The emergence of queer theory represents a huge leap in our understanding of lesbian and gay peoples. It embodies a context for treating these people as worthy of consideration in their own rights and not as an appendage to general cultural theory. Max Kirsch argues that the current development of this area is in danger of repeating past mistakes in the construction of analyses, and ultimately, social movements. In this way, the book presents an alternative to the current fascination (...)
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  10. Suzan Ilcan & Anita Lacey (2013). Networks of Social Justice: Transnational Activism and Social Change. Studies in Social Justice 7 (1):1-6.score: 216.0
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  11. Adriana M. Manago & Patricia M. Greenfield (2011). The Construction of Independent Values Among Maya Women at the Forefront of Social Change: Four Case Studies. Ethos 39 (1):1-29.score: 210.0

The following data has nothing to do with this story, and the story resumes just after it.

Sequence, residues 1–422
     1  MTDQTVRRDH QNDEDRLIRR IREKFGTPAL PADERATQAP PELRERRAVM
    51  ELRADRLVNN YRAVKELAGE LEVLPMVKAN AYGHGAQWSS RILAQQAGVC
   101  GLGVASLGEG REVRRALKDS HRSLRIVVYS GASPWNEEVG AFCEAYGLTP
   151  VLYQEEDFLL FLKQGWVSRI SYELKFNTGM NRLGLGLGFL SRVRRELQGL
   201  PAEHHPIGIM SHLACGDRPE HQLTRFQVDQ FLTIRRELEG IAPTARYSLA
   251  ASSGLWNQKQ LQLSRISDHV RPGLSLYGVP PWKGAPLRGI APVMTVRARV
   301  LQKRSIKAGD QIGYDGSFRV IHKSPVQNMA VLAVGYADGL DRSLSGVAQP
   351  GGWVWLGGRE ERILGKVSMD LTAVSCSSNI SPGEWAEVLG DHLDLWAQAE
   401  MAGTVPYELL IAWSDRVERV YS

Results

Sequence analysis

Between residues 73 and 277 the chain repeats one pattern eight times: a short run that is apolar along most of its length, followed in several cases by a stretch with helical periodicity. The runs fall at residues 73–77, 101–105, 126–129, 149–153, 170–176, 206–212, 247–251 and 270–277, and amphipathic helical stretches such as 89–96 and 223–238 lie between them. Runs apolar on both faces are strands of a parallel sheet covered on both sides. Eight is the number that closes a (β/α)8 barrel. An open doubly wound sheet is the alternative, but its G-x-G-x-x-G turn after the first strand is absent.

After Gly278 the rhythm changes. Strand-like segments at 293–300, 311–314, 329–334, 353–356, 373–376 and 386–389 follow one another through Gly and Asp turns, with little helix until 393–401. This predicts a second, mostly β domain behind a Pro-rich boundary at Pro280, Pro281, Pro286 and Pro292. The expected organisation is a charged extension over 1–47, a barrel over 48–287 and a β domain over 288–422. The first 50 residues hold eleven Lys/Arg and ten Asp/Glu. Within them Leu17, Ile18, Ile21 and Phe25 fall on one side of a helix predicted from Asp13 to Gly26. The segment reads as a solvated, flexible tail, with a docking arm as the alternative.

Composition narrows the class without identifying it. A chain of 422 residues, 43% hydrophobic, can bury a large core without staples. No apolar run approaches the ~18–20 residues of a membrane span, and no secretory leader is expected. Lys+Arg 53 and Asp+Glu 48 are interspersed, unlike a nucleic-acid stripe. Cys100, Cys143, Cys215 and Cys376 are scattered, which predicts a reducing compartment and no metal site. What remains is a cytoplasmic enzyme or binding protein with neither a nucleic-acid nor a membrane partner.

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  12. Isidora Jaric (2002). Synchronicity of Social Change and the Construct of Gender Roles: Traditionalism and Modernity as Contents of Mainstream Model of Female Gender Roles in Women's Magazines During the Last Quarter of 20. Filozofija I Društvo 19:267-278.score: 210.0
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  13. Bernard Barber (ed.) (1978). Medical Ethics and Social Change. American Academy of Political and Social Science.score: 210.0
     
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  14. Oliva Blanchette (1973). For a Fundamental Social Ethic: A Philosophy of Social Change. New York,Philosophical Library.score: 210.0